WASHINGTON, D.C. -- Congressman Kevin Cramer announced President Donald Trump signed executive orders this morning addressing two crucial energy infrastructure projects that had been obstructed by the Obama Administration – the Dakota Access Pipeline and the Keystone XL Pipeline.
One order directs all federal agencies, including the U.S. Army Corps of Engineers, to expedite approval of the easement to complete construction of the Dakota Access Pipeline project. Another order invites the Trans Canada Corporation to resubmit its application for the Keystone XL Pipeline and directs the State Department to expedite its review. “Today’s executive orders affirm President Trump’s respect for the rule of law and his support for responsible infrastructure development, energy production and job creation,” said Cramer.
Construction on the 1,172-mile Dakota Access Pipeline was halted by the Obama Administration in September after its developers had met every legal requirement to complete the project. Now more than 90 percent complete, the $3.7 billion private project will deliver as many as 570,000 barrels of oil a day from northwestern North Dakota through South Dakota and Iowa to connect to existing pipelines in Illinois. President Obama stopped the approval of an easement to cross U.S. Army Corps of Engineers property across the Missouri River at Lake Oahe in Morton County.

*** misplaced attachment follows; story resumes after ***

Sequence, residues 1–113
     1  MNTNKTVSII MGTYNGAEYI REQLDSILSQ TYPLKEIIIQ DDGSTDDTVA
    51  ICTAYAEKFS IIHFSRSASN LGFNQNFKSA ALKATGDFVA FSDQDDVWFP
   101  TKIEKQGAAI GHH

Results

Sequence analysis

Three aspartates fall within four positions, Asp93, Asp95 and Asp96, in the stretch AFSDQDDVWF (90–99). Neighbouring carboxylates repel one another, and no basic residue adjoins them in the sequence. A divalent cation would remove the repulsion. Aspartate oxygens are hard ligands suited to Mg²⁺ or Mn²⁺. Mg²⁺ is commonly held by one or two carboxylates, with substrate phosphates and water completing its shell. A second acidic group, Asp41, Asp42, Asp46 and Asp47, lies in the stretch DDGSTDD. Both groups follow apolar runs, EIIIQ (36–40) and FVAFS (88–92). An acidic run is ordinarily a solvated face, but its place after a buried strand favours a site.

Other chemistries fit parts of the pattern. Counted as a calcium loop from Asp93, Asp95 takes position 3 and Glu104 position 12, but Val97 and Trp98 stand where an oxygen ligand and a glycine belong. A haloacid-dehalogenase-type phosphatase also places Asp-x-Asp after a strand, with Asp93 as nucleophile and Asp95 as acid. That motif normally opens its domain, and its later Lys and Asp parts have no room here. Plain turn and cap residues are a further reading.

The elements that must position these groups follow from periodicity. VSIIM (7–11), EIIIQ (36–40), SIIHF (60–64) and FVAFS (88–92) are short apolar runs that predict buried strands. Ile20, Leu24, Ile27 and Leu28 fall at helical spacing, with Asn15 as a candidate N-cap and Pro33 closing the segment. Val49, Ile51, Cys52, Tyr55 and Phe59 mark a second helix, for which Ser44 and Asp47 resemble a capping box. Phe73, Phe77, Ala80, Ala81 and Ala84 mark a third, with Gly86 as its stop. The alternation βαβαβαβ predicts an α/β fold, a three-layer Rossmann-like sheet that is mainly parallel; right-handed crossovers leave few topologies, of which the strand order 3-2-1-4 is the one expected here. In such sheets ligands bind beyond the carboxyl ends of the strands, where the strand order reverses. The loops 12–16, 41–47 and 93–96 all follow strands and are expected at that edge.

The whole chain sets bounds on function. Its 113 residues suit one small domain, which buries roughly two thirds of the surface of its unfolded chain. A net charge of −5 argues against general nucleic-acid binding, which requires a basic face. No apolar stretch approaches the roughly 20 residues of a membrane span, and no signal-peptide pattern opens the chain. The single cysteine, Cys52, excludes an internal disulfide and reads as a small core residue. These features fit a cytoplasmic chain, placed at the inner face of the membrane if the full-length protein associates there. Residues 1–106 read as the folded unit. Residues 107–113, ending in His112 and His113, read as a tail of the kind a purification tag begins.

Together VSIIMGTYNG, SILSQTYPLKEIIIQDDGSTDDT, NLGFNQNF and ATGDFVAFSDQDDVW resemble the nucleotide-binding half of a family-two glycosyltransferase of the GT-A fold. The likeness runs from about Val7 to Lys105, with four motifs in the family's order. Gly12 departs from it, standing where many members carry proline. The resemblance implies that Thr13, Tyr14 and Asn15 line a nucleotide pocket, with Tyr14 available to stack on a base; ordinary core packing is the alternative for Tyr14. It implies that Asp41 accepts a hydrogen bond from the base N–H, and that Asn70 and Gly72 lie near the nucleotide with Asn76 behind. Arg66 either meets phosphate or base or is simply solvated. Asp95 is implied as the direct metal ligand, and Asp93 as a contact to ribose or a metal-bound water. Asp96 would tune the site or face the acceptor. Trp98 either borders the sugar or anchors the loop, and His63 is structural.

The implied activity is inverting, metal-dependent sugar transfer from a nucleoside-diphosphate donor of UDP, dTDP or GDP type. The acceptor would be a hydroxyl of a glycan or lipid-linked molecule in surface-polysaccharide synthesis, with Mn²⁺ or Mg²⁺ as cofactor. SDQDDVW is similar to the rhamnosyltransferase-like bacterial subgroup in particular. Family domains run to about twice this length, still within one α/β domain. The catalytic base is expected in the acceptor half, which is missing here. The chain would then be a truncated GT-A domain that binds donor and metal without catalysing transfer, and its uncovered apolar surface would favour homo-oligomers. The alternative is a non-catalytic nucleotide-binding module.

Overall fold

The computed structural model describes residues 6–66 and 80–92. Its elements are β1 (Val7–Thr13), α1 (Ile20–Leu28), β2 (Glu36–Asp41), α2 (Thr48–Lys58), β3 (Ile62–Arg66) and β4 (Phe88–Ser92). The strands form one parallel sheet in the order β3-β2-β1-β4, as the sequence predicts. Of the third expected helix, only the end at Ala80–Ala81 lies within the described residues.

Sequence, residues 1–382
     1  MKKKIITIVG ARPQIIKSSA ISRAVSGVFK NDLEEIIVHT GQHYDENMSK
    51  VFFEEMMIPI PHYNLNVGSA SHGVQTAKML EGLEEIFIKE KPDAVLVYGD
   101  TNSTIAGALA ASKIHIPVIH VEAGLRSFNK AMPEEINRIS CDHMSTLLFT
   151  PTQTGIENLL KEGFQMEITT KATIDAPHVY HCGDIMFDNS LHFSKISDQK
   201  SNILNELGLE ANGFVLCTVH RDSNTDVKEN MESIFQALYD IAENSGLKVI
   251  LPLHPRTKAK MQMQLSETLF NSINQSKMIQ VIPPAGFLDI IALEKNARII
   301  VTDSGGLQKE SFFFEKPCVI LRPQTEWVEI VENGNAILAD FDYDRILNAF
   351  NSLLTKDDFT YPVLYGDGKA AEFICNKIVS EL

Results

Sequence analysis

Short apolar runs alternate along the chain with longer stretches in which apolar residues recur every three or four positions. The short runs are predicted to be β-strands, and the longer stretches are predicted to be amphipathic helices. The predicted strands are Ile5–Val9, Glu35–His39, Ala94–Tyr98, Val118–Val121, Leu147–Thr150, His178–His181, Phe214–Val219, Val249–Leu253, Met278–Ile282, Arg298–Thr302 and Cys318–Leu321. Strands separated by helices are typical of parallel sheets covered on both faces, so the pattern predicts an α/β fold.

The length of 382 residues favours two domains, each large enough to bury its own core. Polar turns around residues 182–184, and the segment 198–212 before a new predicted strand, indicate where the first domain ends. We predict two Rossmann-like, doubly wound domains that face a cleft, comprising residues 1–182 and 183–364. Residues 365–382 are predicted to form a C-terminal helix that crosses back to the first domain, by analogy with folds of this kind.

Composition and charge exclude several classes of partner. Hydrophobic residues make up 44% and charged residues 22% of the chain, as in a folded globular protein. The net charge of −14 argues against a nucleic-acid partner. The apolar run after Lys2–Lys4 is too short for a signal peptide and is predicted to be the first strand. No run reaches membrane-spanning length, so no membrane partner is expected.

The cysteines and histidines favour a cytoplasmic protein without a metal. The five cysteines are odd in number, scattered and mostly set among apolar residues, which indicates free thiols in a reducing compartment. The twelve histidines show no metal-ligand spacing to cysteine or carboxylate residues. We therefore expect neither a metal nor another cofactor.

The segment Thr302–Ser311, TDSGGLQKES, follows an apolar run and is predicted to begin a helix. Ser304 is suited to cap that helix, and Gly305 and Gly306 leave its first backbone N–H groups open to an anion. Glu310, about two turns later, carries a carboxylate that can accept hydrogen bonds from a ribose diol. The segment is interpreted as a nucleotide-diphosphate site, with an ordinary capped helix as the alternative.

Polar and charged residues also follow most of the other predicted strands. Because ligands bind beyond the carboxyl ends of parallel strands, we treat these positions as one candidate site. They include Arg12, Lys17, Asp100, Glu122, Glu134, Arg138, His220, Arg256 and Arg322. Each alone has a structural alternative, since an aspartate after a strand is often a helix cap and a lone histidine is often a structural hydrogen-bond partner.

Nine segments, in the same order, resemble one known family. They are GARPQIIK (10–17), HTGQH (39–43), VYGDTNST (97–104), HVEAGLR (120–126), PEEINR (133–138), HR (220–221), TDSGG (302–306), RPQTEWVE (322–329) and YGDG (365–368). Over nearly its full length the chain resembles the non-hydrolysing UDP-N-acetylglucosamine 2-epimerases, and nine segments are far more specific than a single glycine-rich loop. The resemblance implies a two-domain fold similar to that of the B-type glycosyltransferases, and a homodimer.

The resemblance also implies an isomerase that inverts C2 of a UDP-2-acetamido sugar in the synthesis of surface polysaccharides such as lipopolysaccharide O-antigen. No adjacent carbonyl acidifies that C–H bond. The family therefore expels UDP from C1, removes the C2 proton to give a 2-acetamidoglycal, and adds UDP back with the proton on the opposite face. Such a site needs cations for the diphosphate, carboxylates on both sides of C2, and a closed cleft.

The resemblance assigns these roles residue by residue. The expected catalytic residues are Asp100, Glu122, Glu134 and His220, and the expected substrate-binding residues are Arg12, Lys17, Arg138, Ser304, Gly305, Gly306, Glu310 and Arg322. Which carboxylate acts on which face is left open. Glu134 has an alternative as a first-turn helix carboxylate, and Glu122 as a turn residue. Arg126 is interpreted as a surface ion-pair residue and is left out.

Since last summer, protesters have illegally occupied federal land in Morton County near the pipeline construction site, damaging equipment, roads, bridges, livestock and private property. “The meddling by the Obama Administration in trying to block this legally permitted project has encouraged civil disobedience, threatened the safety of local residents, and placed an onerous financial burden on local law enforcement — with no offer of federal reimbursement for these increasing costs,” he said.
Cramer has asked the Trump Administration to pay for law enforcement costs near the protest site and provide federal police to protect construction workers. “Legally permitted infrastructure projects must be allowed to proceed without threat of improper governmental interference,” he said. “This conflict deserves peaceful resolution and I hope the extreme environmentalists leading the protest will not further endanger themselves, Morton County residents, construction workers, and law enforcement.”
In the last session of Congress, Cramer introduced H.R. 3, the Keystone XL Pipeline Act, which passed the House Jan. 9, 2015. The Senate version of the bill, S.1, passed in both chambers. The bill authorized the construction, connection, operation, and maintenance of the pipeline, deeming the Secretary of State’s January 2014 Final Supplemental Environmental Impact sufficient to satisfy the requirements of the National Environmental Policy Act of 1969, and all other federal agency consultation or review. President Obama vetoed the legislation the following month on Feb. 24.
“As it did when first proposed nearly a decade ago, the Keystone XL Pipeline holds the promise of new jobs and North American energy security,” said Cramer. ”Also, as co-chair of the House Northern Border Caucus, I am particularly pleased the Keystone XL Pipeline offers the opportunity to do business with Canada, our longtime ally and oldest trading partner.”